The amended complaint, made public on Tuesday, claims Deap Ubhi, a former employee at a high-level Defense Department technology unit, helped design the cloud contract in a way that was favorable to Amazon after receiving “significant” job and bonus offers from the e-commerce giant.
Oracle’s latest court action comes weeks after the Pentagon announced it had eliminated Oracle and International Business Machines Corp. from the bidding because they didn’t meet the minimum criteria, leaving Amazon and Microsoft Corp. as the last remaining competitors.
The Pentagon, which announced the so-called JEDI competition in March of last year, doesn’t expect to award the contract before July 19.
Ubhi, who had worked at Amazon before joining the government, helped craft the Joint Enterprise Defense Infrastructure, or JEDI, procurement for weeks after accepting a job offer in October 2017 from Amazon Web Services, the company’s cloud unit, according to the lawsuit. Ubhi then made up an “elaborate lie” about an Amazon offer to buy his startup company, Tablehero, when he “belatedly” recused himself from working on the contract, the lawsuit alleges.
JEDI Contracting Process
The lawsuit also contends that an unnamed former official connected with the Navy participated in the JEDI contracting process even after accepting a position with Amazon Web Services.
Ubhi is still employed by Amazon Web Services, according to his Twitter account.
An Amazon representative didn’t immediately respond to requests for comment. The Defense Department declined to comment. Efforts to reach Ubhi through multiple emails and by telephone were unsuccessful.
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Oracle first filed its lawsuit in December in the U.S. Court of Federal Claims, alleging the Pentagon crafted overly narrow contract requirements and failed to investigate relationships between former Defense Department employees and Amazon.
The newest allegations may bolster Oracle’s argument that terms for the cloud project violate federal procurement standards. The cloud project involves transitioning massive amount of Defense Department data to a commercially-operated cloud system.
Oracle’s lawsuit also made conflict-of-interest allegations about Anthony DeMartino, former deputy chief of staff in the secretary of defense’s office. DeMartino had previously consulted for Amazon Web Services before assuming his role at the Pentagon.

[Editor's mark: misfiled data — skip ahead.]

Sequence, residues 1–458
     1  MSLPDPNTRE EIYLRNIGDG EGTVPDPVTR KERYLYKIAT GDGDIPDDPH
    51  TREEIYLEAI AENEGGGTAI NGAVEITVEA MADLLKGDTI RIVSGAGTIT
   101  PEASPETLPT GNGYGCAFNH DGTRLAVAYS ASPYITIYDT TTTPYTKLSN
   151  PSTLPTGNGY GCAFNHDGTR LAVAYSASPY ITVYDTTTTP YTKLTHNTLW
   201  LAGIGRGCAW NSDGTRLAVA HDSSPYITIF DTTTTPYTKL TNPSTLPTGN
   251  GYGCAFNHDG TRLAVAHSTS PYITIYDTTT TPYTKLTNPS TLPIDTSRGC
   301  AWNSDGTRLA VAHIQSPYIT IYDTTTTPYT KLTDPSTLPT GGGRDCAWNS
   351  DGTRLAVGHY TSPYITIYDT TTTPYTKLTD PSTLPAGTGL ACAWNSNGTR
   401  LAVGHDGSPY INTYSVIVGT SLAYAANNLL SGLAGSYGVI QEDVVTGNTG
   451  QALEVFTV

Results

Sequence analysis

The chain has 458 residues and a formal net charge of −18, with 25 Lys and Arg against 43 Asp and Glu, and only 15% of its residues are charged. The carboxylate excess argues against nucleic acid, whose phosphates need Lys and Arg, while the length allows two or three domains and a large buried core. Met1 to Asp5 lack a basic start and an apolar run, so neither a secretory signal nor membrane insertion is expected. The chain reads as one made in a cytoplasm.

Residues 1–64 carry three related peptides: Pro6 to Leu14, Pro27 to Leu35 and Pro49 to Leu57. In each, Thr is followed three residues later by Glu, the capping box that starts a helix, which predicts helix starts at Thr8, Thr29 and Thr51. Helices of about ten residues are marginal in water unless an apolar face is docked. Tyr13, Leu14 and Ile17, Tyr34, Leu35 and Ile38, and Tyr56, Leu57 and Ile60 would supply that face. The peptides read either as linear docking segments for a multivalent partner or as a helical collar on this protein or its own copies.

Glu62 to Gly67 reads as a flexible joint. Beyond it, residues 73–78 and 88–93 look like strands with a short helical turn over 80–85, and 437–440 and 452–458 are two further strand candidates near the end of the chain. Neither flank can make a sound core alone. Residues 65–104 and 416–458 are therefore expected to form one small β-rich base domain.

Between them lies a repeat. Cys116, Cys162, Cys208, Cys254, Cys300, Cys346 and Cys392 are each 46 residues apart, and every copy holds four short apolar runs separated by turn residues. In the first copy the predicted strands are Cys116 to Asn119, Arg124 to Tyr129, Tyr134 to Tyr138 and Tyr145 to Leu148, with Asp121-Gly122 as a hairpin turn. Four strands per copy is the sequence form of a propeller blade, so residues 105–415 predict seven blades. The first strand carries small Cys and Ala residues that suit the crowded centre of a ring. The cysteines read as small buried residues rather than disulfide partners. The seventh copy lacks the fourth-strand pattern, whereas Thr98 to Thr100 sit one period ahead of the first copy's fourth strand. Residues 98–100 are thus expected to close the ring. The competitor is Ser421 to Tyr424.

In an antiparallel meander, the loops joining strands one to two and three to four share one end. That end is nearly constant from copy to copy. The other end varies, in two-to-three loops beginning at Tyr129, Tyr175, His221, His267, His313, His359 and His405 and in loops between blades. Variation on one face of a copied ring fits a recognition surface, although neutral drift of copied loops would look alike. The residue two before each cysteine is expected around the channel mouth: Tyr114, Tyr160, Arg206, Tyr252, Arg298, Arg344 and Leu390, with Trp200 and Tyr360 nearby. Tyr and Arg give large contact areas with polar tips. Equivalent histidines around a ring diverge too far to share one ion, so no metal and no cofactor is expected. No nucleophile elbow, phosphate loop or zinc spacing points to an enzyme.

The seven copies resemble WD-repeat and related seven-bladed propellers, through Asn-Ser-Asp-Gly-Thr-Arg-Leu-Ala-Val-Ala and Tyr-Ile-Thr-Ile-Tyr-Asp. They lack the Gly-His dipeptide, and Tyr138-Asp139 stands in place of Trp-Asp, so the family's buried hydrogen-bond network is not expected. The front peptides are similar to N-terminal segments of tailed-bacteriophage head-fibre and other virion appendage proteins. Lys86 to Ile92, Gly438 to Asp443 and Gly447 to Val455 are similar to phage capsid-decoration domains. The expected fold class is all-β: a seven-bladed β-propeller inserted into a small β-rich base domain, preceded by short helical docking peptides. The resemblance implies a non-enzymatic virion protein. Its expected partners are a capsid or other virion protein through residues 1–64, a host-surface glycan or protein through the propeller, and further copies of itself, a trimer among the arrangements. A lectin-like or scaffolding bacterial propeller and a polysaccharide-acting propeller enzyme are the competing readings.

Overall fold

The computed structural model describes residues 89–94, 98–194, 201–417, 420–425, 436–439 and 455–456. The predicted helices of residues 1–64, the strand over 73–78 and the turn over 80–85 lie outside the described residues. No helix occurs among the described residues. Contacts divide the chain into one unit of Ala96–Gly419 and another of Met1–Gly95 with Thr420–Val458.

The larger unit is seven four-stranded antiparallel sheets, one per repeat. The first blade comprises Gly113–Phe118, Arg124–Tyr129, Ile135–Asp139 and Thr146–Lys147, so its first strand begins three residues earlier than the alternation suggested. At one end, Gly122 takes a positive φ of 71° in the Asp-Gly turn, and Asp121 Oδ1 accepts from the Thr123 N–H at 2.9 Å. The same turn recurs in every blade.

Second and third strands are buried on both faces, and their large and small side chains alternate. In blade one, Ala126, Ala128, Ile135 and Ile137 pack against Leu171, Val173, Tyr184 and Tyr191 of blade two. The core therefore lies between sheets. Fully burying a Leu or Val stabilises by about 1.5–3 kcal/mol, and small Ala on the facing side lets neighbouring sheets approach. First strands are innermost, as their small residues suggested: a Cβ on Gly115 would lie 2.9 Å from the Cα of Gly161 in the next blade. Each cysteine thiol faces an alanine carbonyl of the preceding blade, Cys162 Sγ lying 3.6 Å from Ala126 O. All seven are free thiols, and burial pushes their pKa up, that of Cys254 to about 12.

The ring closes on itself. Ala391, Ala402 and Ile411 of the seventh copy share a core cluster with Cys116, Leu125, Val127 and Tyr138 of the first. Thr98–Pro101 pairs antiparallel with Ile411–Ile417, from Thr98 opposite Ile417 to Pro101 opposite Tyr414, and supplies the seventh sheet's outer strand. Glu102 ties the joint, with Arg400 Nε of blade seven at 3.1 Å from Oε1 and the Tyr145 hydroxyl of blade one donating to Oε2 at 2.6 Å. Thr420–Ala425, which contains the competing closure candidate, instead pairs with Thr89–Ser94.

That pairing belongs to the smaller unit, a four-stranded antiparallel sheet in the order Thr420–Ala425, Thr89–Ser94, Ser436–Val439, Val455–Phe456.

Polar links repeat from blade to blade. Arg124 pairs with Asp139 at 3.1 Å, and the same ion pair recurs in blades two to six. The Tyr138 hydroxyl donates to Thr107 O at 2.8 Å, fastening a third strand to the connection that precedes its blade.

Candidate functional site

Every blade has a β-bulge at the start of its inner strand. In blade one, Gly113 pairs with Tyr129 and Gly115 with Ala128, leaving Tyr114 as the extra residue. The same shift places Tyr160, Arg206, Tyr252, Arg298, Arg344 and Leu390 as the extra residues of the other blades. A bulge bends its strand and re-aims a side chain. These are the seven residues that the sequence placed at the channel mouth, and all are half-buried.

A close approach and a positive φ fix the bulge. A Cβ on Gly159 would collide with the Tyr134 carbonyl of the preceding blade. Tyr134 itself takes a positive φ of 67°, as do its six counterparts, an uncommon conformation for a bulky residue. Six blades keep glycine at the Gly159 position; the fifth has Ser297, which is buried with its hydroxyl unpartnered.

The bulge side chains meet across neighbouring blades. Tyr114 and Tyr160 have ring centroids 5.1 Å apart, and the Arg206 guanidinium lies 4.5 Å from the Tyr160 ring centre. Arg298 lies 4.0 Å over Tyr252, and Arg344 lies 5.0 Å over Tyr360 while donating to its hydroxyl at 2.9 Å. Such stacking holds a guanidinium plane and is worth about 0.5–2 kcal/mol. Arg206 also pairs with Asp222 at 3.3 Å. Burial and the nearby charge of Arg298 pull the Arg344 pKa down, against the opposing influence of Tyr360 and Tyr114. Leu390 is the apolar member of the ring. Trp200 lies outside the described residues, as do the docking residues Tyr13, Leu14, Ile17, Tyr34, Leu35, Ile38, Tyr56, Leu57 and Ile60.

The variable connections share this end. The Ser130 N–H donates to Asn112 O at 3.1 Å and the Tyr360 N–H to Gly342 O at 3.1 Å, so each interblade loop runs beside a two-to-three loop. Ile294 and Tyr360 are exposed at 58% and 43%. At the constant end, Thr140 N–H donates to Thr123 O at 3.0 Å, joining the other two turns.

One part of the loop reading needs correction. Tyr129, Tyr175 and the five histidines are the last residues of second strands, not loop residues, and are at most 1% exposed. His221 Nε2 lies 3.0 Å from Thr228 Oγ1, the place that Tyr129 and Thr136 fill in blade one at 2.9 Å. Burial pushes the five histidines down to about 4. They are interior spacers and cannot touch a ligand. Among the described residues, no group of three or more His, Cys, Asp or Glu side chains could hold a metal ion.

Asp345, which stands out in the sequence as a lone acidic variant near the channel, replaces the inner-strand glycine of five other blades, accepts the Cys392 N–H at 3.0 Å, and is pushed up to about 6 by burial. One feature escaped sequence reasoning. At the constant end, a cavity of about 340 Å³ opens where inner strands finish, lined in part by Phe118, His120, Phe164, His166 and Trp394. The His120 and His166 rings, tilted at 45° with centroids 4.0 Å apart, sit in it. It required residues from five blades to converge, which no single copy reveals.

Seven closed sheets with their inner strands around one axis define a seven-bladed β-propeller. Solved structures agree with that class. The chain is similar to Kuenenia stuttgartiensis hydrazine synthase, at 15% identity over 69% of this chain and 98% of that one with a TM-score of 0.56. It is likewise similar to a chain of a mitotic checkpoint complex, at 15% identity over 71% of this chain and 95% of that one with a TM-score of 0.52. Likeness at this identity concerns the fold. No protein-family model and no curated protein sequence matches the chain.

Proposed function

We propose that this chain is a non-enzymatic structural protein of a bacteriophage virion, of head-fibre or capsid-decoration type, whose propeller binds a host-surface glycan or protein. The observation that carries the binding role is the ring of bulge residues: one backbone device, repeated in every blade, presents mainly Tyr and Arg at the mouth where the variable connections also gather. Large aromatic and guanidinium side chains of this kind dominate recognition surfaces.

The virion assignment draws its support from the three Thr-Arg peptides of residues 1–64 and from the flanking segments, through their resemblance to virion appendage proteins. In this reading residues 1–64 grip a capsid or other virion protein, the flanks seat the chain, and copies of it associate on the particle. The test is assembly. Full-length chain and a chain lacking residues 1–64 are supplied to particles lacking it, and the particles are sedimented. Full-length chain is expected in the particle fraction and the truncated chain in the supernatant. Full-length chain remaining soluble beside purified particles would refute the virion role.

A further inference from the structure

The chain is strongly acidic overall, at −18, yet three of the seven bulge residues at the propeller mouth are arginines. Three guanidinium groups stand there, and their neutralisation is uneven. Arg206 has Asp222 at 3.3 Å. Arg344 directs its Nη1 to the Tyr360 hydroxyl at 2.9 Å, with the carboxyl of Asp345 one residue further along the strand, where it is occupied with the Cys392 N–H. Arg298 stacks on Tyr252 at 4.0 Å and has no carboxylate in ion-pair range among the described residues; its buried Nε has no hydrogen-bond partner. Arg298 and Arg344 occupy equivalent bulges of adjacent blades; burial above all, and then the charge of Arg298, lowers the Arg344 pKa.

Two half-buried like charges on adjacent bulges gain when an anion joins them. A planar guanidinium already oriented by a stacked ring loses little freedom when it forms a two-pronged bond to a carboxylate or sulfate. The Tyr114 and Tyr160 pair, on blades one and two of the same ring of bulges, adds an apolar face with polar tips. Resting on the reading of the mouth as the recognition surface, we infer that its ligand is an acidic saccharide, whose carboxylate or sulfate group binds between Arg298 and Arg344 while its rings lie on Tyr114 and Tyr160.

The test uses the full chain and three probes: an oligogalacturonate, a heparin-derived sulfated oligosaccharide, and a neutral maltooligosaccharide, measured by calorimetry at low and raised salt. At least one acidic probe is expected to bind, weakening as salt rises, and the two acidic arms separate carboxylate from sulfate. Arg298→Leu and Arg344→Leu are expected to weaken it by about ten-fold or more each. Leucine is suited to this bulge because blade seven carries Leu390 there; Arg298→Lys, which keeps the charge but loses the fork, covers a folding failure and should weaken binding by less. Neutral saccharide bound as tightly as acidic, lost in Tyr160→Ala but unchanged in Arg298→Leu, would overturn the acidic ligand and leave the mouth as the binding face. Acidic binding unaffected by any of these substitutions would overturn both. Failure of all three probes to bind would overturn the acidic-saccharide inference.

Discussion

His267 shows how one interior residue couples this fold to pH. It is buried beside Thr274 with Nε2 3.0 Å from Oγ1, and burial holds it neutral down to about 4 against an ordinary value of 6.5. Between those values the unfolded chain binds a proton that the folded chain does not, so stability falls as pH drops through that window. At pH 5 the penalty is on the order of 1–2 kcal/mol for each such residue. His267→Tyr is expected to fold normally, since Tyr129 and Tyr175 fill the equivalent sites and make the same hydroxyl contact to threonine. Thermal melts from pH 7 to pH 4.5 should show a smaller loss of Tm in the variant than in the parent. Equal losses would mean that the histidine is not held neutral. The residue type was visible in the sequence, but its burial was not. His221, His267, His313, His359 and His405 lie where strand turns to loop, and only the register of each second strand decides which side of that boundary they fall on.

In February, a judge paused court proceedings in the case to allow the Pentagon to review new information about potential conflicts of interests. The Pentagon said it determined that the acquisition process for the contract wasn’t tainted by alleged conflicts of interest.
In November, the U.S. Government Accountability Office also rejected Oracle’s conflict-of-interest allegations in a separate protest. The watchdog agency said the evidence it reviewed indicated that neither DeMartino nor Ubhi had substantive input into the contract’s terms or the procurement process.
Tech companies including Oracle banded together in an informal coalition last year to urge the Defense Department to split the contract among several suppliers.
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They said the winner-take-all approach would lock the Pentagon into a single vendor and would heighten security risks. The department has said that making multiple awards under current acquisition law would be a slow process that could prevent it from quickly delivering new capabilities.
The JEDI contract could threaten the growth of a longstanding business that IBM and Oracle have with the Defense Department as it seeks to move its legacy technologies into a commercially-operated cloud system. Both companies were late entrants into the cloud market and have struggled to catch up to Amazon in the private and public sectors.
Amazon was widely seen as the frontrunner for the cloud contract because it previously won a $600 million deal cloud deal from the U.S. Central Intelligence Agency and obtained higher levels of federal security authorizations than its peers.
Oracle Executive Vice President Kenneth Glueck, who leads the company’s Washington lobbying operation, said in a recent interview with Bloomberg News that the company will continue to challenge requirements for the contract in conversations with lawmakers on Capitol Hill.
“You read the RFP, and it just screams Amazon,” Glueck said in an interview April 26, referring to the Defense Department’s request for proposals. “The RFP emphasizes all the things Amazon is very good at” and “completely de-emphasizes the things they’re not very good at.”